Historically, Republican political philosophy and African American advancement have been in accord. Why not now?

Foundered in the 1850s by industrial and anti-slavery activists, the Republican Party has helped Black Americans’ advancement from the beginning. In the 1860s Abraham Lincoln and Republicans worked to pass the Thirteenth Amendment, which outlawed slavery, the Fourteenth, which guaranteed equal protection under the laws, and the Fifteenth, which helped Blacks secure voting rights.

In return, Blacks overwhelmingly voted Republican for 90 years. The Republican philosophy of maximizing economic liberty through free enterprise, individualism and free markets were positions advocated by giants such as Frederick Douglass and Booker T. Washington.


From 1868 to 1901 more than 500 Southern Black Republicans were elected to office at the Senate, House of Representatives, and state senate and assembly levels. Republicans remained the overwhelming political choice of Black voters until the 1930s when the Democratic Party’s “New Deal” offered them government support for civil rights. But, through the 1950s and ‘60s presidencies of Dwight Eisenhower and Richard Nixon, Republicans remained competitive among Blacks. President Eisenhower played a pivotal role in the Little Rock 9 epic and eliminated segregation in the military.

Nixon’s implementation of “Black Capitalism” built a generation of Black millionaires and Black pride, jobs and opportunities in constructive ways.

Since Nixon captured 32 percent of the Black Vote, “Here’s your hat” has been the Republicans’ tone toward Blacks. Over the last 40 years Republicans acquired a reputation among Black Americans of racial exclusion, neglect and race baiting.

During recent decades, Republicans have garnered less than 15 percent of Black votes in major political contests.

But, instead of “reaching out” to Blacks of similar political interests, GOP campaign operatives have avoided traditional Black institutions, and in some instances actively engaged in acts to mute Black electoral votes.

The 2008 presidential elections present an interesting conundrum for the Republican Party apparatus. John McCain, the presumptive GOP nominee, could actually capture a substantial percentage of the Black Vote if they went back to their roots. Even under current circumstances, the time could be ripe for Republicans. Many affluent Black families started in the 1960s and Democrats actually have no record of spurring similar advancement to rival Nixon’s era of Black Capitalism. Barack Obama makes no promises to Blacks. If Republican brass pays attention to the potential of capturing Black votes, they’ll change party practices and position themselves to seek, and win, 30 percent of Black votes.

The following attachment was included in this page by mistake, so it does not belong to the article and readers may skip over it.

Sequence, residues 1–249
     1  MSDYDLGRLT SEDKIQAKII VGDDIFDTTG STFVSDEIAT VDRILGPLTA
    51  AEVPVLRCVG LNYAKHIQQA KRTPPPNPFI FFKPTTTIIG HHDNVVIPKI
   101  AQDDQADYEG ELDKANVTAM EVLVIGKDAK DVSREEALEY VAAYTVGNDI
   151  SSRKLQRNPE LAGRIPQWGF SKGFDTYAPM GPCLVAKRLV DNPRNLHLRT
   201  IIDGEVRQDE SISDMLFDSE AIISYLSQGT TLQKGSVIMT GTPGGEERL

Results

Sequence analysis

The “One Man Band” Republicans have put on the McCain trail is South Carolina National Committeeman Glen McCall. McCall is the first Black from that state to serve on the Republican National Committee. One of three Blacks on the RNC’s 168-member body responsible for party platforms and activities, McCall will act as a surrogate for presidential candidate McCain among Blacks and represent the party in media appearances. McCain/McCall will find many Blacks agree with them on issues from vouchers, to urban enterprise zones, etc., but this single-minded approach is more symbol than substance. To get Black voters, the GOP will have to make more than one footprint. If McCain and McCall simply two-step off to NAACP and Urban League Conventions, continuing RNC indifference to traditional Black organizations and media they’ll miss out again.

John McCain has a zero relationship with Blacks. To duplicate successes of old, McCain & Company must increase their interests and understanding of Blacks. With Black institutions using processes that were successful among Black Americans in the past, McCain/McCall, et al, can build substantive lines of communication to win 20 percent-plus of their votes in vital battleground states. In spite of the aura of Obama, if McCain uses creditable Black mediums to get messages to Black voters he’ll do better among Back Americans than any Republican since Richard Nixon. To successfully appeal to “diverse groups of voters,” the McCain/McCall entourage will have to coalesce with Blacks and their institutions.

Instead of antipathy toward the traditional Black Society resource centers, the GOP needs to tap into political processes actually in touch with Black constituencies.

(Bill Reed is a Washington, D.C.-based columnist and businessman.)

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